Four years on endangered Murray hardyhead are doing exceptionally well at NSW release site

Murray hardyhead is an endangered native fish that now persists in less than 15 subpopulations patchily distributed across its former range across the southern Murray-Darling Basin. The species experienced major population declines during the Millennium Drought when many sites deteriorated and became disconnected. Nick, Sylvia, and the rest of NGT’s Aquasave team have been involved in conservation of the species for many years, including carrying out releases into Lake Albert and other lower Murray sites in South Australia in 2016. More than half of the known subpopulations are a direct result of such releases, indicating that well-planned conservation translocations are critical to the species. In a way, such translocations recreate natural dispersal and colonisation that once occurred when the species was more broadly distributed across the landscape.

Sylvia sampling Murray hardyhead at the Beyond Wetlands backup location (left); heathy Murray hardyhead ready for release (right).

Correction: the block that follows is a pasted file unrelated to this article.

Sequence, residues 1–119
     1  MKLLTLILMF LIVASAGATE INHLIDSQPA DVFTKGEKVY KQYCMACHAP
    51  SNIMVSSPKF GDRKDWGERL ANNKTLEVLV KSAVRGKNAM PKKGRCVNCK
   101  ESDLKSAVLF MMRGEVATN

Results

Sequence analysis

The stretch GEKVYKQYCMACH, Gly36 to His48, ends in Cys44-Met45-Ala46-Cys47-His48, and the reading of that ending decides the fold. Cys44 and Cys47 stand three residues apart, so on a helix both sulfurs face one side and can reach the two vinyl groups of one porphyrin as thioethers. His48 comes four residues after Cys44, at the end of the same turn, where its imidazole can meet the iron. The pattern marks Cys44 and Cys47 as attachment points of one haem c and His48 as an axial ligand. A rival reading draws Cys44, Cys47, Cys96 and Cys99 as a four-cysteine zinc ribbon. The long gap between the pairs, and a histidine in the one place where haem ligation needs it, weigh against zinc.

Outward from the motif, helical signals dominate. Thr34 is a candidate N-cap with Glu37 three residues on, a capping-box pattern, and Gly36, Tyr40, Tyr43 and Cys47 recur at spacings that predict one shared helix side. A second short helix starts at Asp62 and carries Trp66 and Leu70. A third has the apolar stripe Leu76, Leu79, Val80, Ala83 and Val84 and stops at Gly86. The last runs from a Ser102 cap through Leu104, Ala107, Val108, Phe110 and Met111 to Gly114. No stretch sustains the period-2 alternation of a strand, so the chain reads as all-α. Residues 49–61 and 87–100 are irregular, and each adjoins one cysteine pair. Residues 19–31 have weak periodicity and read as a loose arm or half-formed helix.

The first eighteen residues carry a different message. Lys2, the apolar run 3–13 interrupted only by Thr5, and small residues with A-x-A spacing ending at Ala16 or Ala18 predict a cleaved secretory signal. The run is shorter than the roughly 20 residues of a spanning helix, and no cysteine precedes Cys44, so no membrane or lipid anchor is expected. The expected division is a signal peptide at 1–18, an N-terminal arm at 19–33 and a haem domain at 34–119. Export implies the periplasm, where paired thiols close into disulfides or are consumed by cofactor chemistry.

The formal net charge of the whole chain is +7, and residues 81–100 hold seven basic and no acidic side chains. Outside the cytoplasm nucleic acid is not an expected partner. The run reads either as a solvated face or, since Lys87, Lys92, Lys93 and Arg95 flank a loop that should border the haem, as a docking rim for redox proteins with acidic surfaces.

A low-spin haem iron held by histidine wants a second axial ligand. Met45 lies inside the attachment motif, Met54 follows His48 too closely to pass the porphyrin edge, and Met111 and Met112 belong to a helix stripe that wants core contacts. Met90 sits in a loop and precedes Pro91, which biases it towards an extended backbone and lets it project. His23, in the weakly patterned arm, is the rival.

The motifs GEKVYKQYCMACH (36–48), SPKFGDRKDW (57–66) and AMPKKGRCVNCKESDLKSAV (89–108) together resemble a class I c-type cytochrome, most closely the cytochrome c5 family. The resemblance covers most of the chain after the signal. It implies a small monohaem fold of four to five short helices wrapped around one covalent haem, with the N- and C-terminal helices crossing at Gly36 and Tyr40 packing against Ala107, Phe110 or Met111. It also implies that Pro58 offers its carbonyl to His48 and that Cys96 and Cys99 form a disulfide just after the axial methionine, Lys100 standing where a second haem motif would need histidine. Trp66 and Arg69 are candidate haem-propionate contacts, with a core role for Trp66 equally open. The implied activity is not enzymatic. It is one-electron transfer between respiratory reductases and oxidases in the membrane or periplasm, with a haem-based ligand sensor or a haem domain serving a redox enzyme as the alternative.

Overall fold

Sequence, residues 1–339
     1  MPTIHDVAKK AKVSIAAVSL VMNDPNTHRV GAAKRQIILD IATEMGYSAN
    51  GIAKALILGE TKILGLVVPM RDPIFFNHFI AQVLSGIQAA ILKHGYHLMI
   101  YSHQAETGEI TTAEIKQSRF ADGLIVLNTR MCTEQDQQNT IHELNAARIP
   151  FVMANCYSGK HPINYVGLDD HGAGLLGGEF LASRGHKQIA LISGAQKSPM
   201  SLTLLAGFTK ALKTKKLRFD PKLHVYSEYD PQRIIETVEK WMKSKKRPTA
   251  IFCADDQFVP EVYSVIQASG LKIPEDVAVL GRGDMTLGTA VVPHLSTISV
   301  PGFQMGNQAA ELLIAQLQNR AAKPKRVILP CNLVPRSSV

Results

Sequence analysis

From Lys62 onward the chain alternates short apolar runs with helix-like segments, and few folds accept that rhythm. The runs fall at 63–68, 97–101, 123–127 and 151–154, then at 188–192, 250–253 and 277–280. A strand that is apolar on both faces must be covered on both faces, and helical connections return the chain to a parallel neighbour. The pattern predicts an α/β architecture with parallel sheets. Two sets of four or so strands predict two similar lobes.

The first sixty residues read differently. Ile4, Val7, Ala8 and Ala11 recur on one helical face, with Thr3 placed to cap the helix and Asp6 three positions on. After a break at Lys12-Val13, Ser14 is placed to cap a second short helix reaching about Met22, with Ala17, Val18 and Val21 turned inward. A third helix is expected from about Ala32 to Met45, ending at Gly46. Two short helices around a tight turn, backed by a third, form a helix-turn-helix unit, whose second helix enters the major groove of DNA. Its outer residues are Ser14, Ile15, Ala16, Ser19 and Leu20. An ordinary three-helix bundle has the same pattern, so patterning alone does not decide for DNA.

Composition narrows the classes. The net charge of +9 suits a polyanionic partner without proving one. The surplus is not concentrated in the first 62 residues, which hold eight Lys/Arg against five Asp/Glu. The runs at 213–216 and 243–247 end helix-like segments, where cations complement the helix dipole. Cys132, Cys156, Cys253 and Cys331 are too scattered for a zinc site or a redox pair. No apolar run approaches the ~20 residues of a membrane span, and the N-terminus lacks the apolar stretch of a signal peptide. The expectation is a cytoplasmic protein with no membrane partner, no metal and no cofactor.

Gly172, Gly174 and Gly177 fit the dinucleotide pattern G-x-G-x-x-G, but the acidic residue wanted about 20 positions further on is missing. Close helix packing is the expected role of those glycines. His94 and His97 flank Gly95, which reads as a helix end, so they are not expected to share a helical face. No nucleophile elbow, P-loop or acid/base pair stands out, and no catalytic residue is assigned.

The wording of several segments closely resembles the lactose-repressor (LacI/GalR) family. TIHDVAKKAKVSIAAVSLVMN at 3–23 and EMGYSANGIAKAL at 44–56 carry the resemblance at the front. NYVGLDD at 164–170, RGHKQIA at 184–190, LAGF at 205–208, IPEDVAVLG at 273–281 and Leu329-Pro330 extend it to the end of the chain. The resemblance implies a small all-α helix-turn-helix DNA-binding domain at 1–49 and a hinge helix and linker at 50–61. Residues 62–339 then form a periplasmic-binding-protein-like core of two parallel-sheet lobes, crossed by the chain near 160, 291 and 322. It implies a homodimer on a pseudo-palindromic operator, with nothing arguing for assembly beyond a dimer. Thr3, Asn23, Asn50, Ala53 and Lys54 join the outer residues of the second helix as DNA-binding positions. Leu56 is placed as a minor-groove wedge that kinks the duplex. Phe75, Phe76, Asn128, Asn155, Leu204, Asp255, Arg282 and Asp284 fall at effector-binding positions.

Since late 2018, we have been involved in collaborative attempts to reestablish Murray hardyhead in New South Wales, where it formerly occurred but had not been seen for more than 20 years. Fish from the initial release of that year persisted and numbers were boosted by a second release of fish in 2021. The reintroduction site is private land owned by the Hazel Henry Family Trust which actively manages the site with support from NSW Department of Primary Industries – Fisheries (and a number of other NSW agencies) and the Murray-Darling Wetlands Working Group. Importantly, the site receives environmental water from the Commonwealth Environmental Water Office and the Murraylands and Riverland Landscape Board has assisted with the provision of the source fish.

Fast forward to early 2022: colleagues at NSW DPI Fisheries sampled the NSW reintroduction site and caught most the most Murray hardyhead ever sampled – over 200,000 fish! This staggering outcome clearly emphasises the way forward for the species – identify and appropriately manage existing and new sites and undertake reintroductions.

Effective management of the site will continue to be necessary to ensure the subpopulation persists over time. The hunt is now on to find more new sites that could receive fish. We hope to see more Murray hardyhead back out in the wild soon!

NSW DPI colleague Iain Ellis releasing fish into the NSW site (left); and Murray hardyhead from the site (right).

Nick Whiterod